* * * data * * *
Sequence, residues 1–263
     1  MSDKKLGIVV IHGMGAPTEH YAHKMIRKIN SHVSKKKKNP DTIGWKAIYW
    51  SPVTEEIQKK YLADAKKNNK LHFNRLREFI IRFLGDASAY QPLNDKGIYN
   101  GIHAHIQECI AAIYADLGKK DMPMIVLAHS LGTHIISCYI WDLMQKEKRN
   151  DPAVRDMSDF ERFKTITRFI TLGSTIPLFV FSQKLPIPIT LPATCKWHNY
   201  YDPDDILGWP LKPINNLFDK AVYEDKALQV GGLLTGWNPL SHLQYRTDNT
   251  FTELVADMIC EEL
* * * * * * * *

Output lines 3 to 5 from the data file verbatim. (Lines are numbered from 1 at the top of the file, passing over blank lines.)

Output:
    51  SPVTEEIQKK YLADAKKNNK LHFNRLREFI IRFLGDASAY QPLNDKGIYN
   101  GIHAHIQECI AAIYADLGKK DMPMIVLAHS LGTHIISCYI WDLMQKEKRN
   151  DPAVRDMSDF ERFKTITRFI TLGSTIPLFV FSQKLPIPIT LPATCKWHNY